“For every terrible thing Donald Trump did over the last four years, they aggressively came in and implemented their agenda, as terrible it was, they wasted no time.”
One big task for Biden's climate team will be putting forth policies that reduce emissions and reversing numerous Trump administration rollbacks.
The EPA has been responsible for the bulk of President TrumpDonald TrumpOvernight Defense & National Security — The Pentagon's deadly mistake Overnight Energy & Environment — Presented by Climate Power — Interior returns BLM HQ to Washington France pulls ambassadors to US, Australia in protest of submarine deal MORE's environmental rollbacks, easing regulations on the power industry, the oil and gas industry and auto manufacturers.
Regan has worked in the EPA air office that will likely need to carry the bulk of the regulatory burden of undoing Trump’s changes. But some argue his more recent work running North Carolina’s Department of Environmental Quality was the real training ground for what he will need to take on at EPA.
“Michael Regan took the helm as secretary of the Department of Environmental Quality when it had been battered much the way EPA has been these last four years. He quickly restored morale and then solved big problems by respecting science and bringing together people with different views — that's how he's been so effective protecting public health and the environment in North Carolina's divided government,” the Environmental Defense Fund, another previous employer of Regan’s, said in a statement.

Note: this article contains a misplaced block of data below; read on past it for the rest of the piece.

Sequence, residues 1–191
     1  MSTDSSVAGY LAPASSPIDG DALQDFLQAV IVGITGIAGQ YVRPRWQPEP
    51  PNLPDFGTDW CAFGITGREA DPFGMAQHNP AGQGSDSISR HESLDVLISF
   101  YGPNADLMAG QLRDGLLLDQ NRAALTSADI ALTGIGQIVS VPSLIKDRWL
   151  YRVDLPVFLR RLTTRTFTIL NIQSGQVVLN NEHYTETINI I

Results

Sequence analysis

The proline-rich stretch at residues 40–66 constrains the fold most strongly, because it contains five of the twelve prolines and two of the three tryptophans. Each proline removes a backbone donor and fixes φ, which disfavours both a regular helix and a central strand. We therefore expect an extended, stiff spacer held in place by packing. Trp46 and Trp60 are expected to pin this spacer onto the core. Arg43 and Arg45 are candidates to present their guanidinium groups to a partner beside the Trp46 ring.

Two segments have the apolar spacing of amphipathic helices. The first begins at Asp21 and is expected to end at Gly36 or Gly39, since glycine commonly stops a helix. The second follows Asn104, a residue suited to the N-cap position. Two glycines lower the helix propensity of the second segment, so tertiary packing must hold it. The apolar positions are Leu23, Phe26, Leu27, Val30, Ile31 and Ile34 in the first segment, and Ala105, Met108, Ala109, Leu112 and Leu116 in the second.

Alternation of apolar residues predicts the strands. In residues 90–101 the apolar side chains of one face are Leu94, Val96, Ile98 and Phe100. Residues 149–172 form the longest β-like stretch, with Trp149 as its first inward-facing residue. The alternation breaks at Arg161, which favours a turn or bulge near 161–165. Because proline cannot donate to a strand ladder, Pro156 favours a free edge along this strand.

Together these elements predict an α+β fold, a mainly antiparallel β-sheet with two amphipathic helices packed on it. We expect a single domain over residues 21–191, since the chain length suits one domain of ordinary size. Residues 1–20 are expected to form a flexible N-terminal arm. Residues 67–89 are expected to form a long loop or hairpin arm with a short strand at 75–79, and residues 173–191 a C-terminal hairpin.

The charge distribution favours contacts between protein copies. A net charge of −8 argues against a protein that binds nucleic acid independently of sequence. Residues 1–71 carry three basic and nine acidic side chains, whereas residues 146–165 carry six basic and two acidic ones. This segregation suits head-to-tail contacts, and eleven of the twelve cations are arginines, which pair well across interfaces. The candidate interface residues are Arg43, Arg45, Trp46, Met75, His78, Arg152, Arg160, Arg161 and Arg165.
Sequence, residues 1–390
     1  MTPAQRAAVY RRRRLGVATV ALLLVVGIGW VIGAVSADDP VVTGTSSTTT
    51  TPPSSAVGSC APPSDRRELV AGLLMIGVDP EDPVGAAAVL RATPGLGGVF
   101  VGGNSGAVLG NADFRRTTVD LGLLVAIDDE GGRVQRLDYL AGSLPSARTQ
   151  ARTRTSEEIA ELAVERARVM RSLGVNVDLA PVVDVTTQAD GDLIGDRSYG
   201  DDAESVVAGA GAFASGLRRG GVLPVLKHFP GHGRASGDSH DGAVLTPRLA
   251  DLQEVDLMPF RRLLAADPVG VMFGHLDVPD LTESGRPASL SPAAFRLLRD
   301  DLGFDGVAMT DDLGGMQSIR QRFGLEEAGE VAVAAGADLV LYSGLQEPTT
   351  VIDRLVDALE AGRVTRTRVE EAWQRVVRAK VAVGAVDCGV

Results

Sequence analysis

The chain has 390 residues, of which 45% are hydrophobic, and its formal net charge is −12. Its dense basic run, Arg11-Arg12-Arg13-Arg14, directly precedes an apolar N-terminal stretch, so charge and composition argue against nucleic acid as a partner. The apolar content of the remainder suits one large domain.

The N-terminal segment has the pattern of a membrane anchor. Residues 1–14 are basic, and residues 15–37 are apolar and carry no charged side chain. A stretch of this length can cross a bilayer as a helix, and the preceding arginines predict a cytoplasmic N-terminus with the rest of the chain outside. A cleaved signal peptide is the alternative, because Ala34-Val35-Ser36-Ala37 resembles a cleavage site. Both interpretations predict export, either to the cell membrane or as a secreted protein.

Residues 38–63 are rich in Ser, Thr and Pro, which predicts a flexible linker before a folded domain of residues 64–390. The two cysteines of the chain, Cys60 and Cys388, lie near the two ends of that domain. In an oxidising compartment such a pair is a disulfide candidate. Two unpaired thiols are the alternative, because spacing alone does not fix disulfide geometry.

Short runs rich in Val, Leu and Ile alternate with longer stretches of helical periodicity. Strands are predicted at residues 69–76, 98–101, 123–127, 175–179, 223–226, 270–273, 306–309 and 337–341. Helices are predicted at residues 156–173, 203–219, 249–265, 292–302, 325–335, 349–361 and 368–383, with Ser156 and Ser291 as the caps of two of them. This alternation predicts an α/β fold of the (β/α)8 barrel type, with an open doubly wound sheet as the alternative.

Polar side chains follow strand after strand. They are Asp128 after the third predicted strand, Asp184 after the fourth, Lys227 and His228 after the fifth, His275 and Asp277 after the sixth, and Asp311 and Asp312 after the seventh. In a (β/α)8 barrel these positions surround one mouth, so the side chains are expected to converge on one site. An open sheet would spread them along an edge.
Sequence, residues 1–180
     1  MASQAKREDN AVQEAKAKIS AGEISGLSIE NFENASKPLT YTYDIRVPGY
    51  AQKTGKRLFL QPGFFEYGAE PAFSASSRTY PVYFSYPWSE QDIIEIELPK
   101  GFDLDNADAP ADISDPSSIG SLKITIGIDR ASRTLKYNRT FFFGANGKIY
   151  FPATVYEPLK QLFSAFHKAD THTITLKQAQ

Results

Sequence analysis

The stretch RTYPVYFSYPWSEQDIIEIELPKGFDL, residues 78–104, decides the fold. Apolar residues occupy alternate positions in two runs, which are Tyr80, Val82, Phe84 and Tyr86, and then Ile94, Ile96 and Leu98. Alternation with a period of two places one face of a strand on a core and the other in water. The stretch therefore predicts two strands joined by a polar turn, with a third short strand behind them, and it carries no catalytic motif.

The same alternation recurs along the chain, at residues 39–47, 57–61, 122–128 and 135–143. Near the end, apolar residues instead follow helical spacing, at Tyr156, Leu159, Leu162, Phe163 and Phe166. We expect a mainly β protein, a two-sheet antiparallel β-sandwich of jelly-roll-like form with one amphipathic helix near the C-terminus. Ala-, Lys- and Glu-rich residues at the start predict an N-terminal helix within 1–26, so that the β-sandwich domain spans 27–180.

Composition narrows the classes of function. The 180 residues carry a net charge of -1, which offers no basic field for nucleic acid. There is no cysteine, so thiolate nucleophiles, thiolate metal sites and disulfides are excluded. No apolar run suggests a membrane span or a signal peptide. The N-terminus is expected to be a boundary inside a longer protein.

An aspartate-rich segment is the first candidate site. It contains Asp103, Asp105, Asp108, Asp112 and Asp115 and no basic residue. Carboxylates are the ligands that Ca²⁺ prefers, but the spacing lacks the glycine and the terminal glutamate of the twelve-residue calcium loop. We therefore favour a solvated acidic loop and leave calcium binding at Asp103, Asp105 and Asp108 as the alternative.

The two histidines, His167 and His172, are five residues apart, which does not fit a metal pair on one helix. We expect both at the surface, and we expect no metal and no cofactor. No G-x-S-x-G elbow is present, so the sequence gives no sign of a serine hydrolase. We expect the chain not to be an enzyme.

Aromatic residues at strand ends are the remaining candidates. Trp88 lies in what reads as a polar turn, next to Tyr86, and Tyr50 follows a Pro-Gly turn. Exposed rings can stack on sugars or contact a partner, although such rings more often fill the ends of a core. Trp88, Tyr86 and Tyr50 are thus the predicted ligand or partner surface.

Regan formed an Environmental Justice and Equity Board at his department in North Carolina, a move that aligns with Biden's pledged to make environmental justice and the disproportionate burden of pollution faced by communities of color a cornerstone of his environmental agenda.
Brenda Mallory, formerly the director of regulatory policy with the Southern Environmental Law Center, will lead the White House Council on Environmental Quality (CEQ), making her another important figure in the environmental justice agenda, as she's expected to be in charge of undoing Trump's rollback to the National Environmental Policy Act, which mandates environmental reviews of and community input into construction projects.
Sen. Tom CarperThomas (Tom) Richard CarperThe Hill's Morning Report - Presented by AT&T - US speeds evacuations as thousands of Americans remain in Afghanistan Biden finds few Capitol Hill allies amid Afghanistan backlash Trains matter to America MORE (D-Del.) praised Mallory in a statement, saying that with her prior experience she “knows the bureaucratic levers to pull” and “will also be able to position CEQ for the future.”
At the Interior Department, Haaland will be responsible for fulfilling Biden’s campaign pledge to halt all new drilling on public lands, an idea that first originated with Sen. Elizabeth WarrenElizabeth WarrenFederal Reserve officials' stock trading sparks ethics review Manchin keeps Washington guessing on what he wants Warren, Daines introduce bill honoring 13 killed in Kabul attack MORE (D-Mass.).
Picking a progressive like Haaland to lead the department has excited many environmentalists who see her as offering a dramatic turnaround for an agency that has expanded oil and gas activity on public lands while shrinking the scope of protected areas and national monuments.
Biden’s pick of Granholm appears to be based on her experiences deploying electric vehicles and clean energy as Michigan’s governor.
Prior to her official announcement, a source familiar with the transition team's thinking emphasized that Granholm helped make Michigan a leader on clean energy while also creating union jobs.